How was Samsung able to go from copycat brand to product leader?

Samsung: From Gallop to Run

In the world of consumer electronics, copycat brands are a dime a dozen. These are the brands consumers turn to if they don’t want to pay the price for the high-end market leaders. So, if consumers want a top-tier television, they’ll probably look at one from Sony or LG. If they want something cheaper that’s probably not quite as good, they’ll look at brands such as Insignia, Dynex, or Vizio.

But what about Samsung? Believe it or not, Samsung Electronics was a maker of cheap consumer electronic knock-offs from the time it started making calculators and black-and-white TVs in 1969 through the mid-1990s.

Today, however, Samsung is the world’s largest television manufacturer and offers the most cutting-edge models around. Putting the brand in context, Samsung Electronics is part of the world’s largest conglomerate, South Korea’s Samsung Group. Founded in 1938, the huge Samsung Group also owns the world’s second largest shipbuilder, a major global construction company, and the largest life insurance company in Korea. The conglomerate is so big that it accounts for 25 percent of all corporate profits in South Korea, well ahead of the number two Hyundai-Kia Automotive Group at 6.4 percent. Under the direction of Lee Kunhee, CEO and chairman, the third son of founder Lee Byung-Chull, Samsung Electronics has made major strides.

THE NEW MANAGEMENT STRATEGY

In 1993, Lee unveiled what he called “new management,” a top-to-bottom strategy for the entire company. As part of Lee’s new management, he took Samsung Electronics in a very ambitious new direction.

The goal: He wanted Samsung to become a premier brand that would dethrone Sony as the biggest consumer electronics firm in the world. Instead of being a copycat, Samsung was to become a cutting-edge product leader. The company hired a new crop of fresh, young designers who unleashed a torrent of new products—not humdrum, me-too products, but sleek, bold, and beautiful products targeting high-end users. Samsung called them “lifestyle works of art.” Every new product had to pass the “Wow!” test: If it didn’t get a “Wow!” reaction during market testing, it went straight back to the design studio.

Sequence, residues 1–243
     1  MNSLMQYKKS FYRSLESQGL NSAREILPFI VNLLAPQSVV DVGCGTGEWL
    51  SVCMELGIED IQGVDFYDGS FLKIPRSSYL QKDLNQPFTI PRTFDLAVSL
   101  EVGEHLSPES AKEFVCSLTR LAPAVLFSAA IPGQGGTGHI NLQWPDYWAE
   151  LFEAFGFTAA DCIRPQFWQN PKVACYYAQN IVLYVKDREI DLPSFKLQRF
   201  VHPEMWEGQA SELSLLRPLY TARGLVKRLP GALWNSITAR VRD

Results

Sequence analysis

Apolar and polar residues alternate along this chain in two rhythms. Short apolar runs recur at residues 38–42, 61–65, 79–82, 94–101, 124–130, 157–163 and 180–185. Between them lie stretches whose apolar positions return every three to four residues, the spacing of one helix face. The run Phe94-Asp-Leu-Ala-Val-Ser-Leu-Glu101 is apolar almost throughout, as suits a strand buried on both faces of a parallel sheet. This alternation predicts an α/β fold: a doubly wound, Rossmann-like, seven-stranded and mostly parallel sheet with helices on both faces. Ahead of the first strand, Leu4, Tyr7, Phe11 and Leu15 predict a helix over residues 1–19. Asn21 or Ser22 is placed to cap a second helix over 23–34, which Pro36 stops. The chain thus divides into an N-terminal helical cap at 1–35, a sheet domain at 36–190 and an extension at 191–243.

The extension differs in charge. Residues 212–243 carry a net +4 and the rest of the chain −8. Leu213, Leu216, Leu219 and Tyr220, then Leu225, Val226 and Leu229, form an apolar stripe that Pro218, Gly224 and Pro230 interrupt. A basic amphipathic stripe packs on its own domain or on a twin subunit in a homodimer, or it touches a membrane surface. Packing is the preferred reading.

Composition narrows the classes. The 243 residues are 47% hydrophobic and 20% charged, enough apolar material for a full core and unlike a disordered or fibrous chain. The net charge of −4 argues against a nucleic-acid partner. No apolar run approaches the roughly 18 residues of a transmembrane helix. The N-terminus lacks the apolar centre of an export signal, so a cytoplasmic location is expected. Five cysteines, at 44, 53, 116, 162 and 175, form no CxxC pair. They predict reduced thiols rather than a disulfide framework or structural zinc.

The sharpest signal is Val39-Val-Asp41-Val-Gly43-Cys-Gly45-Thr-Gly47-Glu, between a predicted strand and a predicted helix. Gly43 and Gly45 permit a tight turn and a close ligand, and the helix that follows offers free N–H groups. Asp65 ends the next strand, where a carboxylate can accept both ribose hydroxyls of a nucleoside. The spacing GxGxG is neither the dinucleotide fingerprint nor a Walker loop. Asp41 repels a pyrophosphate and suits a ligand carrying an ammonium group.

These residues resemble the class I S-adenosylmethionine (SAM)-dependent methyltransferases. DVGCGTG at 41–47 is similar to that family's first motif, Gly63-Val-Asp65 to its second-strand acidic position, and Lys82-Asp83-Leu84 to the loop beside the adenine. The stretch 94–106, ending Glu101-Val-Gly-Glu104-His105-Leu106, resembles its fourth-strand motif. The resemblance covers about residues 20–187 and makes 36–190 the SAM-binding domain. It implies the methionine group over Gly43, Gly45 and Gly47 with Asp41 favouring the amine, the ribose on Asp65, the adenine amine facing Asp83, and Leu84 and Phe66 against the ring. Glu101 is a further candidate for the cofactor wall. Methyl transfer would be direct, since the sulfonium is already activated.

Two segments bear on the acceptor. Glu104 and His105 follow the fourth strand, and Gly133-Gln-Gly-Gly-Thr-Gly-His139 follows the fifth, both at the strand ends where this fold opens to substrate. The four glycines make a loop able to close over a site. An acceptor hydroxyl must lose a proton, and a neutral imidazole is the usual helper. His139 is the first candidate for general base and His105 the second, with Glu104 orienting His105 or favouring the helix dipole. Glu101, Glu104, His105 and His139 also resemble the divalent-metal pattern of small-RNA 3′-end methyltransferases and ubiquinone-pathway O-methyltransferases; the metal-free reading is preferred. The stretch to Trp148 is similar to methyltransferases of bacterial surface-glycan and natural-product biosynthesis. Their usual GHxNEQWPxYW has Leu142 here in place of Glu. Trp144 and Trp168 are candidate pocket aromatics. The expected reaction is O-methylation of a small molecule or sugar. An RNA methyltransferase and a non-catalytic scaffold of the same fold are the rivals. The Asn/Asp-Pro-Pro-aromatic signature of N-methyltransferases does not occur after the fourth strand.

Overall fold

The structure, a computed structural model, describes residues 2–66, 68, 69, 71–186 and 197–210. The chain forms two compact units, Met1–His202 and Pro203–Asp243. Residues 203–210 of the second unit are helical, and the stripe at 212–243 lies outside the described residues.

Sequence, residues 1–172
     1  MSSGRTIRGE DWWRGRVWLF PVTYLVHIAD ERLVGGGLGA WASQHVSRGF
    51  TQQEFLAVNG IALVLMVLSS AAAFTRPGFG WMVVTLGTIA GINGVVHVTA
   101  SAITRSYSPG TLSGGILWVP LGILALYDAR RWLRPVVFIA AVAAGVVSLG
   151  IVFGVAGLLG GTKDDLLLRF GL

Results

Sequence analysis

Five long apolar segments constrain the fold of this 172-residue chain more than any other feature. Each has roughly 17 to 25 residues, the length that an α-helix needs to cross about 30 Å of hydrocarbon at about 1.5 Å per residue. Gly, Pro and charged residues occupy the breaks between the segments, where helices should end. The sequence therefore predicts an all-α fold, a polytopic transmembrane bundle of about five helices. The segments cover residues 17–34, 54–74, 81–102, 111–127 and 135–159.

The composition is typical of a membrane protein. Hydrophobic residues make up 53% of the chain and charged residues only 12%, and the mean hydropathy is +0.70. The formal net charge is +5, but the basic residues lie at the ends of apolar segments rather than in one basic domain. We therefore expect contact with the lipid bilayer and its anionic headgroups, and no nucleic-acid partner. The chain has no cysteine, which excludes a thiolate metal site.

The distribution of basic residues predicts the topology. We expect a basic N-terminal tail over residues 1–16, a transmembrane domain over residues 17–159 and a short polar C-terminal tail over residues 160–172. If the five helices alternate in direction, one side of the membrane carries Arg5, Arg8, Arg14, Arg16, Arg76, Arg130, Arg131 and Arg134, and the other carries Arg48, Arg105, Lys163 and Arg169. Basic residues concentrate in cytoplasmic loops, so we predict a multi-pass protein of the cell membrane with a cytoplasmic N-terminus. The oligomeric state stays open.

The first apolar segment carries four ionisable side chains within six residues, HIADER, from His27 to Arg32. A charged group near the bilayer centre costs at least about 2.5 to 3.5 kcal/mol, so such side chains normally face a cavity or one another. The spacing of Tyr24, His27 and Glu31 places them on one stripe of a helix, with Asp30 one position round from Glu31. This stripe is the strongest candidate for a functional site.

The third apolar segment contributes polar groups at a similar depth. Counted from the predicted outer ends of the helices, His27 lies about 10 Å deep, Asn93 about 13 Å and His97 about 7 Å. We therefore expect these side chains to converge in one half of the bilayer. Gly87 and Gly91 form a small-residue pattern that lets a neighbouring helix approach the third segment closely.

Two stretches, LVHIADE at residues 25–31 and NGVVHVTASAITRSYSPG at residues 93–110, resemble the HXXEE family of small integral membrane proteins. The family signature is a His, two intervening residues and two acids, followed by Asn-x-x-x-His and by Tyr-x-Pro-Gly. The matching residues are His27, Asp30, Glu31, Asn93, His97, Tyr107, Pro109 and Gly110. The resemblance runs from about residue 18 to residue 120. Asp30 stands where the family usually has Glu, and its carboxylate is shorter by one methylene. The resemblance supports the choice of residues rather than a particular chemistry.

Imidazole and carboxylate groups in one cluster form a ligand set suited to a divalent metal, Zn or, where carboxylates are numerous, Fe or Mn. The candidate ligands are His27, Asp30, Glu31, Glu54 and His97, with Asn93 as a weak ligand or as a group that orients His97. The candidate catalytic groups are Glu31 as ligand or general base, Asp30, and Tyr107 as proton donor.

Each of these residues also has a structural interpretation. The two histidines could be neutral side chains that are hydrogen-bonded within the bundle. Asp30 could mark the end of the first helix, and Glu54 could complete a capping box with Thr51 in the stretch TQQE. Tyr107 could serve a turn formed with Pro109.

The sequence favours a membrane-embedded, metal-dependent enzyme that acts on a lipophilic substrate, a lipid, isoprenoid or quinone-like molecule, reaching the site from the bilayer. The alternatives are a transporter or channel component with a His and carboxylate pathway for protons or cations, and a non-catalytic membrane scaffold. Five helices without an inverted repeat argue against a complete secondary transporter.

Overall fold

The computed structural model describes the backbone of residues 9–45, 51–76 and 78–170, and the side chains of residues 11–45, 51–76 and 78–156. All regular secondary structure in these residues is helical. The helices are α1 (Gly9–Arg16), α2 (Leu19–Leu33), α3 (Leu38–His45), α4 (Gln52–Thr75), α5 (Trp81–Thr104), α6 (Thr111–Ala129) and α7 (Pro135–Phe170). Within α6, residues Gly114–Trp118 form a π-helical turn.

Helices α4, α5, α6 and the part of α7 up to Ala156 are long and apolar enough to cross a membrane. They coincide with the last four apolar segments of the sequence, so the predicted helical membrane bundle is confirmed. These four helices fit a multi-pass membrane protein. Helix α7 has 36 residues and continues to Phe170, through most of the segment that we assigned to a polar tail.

As part of Samsung’s revamped strategy and positioning, along with developing stylish and innovative new products, the company altered distribution to match. It abandoned low-end distributors like Walmart and Kmart, choosing to build strong relationships with specialty retailers like Best Buy and Circuit City. “We’re not el cheapo anymore,” said one Samsung designer. In less than two decades, Samsung Electronics has achieved its lofty goals—and much more.

In 2009, the company rang up revenues of $117 billion with profits of $8.3 billion. Compare that to Sony at $77 billion in revenues and a net loss of almost $1 billion. Interbrand crowned Samsung as the world’s fastest growing brand over one five-year period.

Most recently, Samsung hit number 17 on Interbrand’s list of most valuable global brands as Sony fell to number 29. Samsung is now by far the largest consumer electronics company in the world and has been since 2005. It’s the world’s largest TV manufacturer and the second-largest cell phone producer.

Samsung competes strongly in the markets for DVD players, home theaters, digital cameras and camcorders, home appliances, and laser printers. But more than just making finished consumer products, Samsung Electronics is also the world’s largest technology electronic components company. It makes a sizable share of LCD and LED panels, mobile displays, and telecommunications components used in other company’s products. It’s also the world’s largest manufacturer of flash memory.

WORKS OF ART

Samsung has become more than just big. It has also achieved its goal to become a producer of state-of-the-art products. In fact, both Fast Company and BusinessWeek recently placed Samsung high on their lists of most innovative companies. As evidence of its design prowess, Samsung took home eight prizes at the International Design Excellence Awards (IDEA), where entries are judged based on appearance, functionality, and the thinking behind each one. Design darling Apple took home only seven awards. Consider some of this year’s winners. A Samsung “Touch of Color” Blu-ray DVD player featuring a hint of red tone blended naturally into a piano black frame had the judges ogling. Comments indicated that, with color and appearance that changed in different lighting, the DVD player looked like a work of art made of glass. Samsung’s Luxia LED TV series also packed “wow” appeal. With specs that exceed anything on the market, a 55-inch model is a mere one-inch thick and weighs just 49 pounds. Samsung’s Eco-Fit monitors feature a transparent stand that give the appearance of floating in the air.

The Samsung YP-S2 Pebble is part MP3 player, part fashion item. Designed to conjure up images of nature with its pebble shape and stunning colors, it can be worn around the neck and sports five tactile keys that make it simple enough for grandma to use. And the Samsung Kiwi mini notebook PC is a 10-inch laptop that is high-tech, convenient, cute, and familiar all at once. These and the other Samsung winners at last year’s IDEA awards earned Samsung the designation of “a company that’s hitting its design stride.” Samsung is moving many of its product categories forward.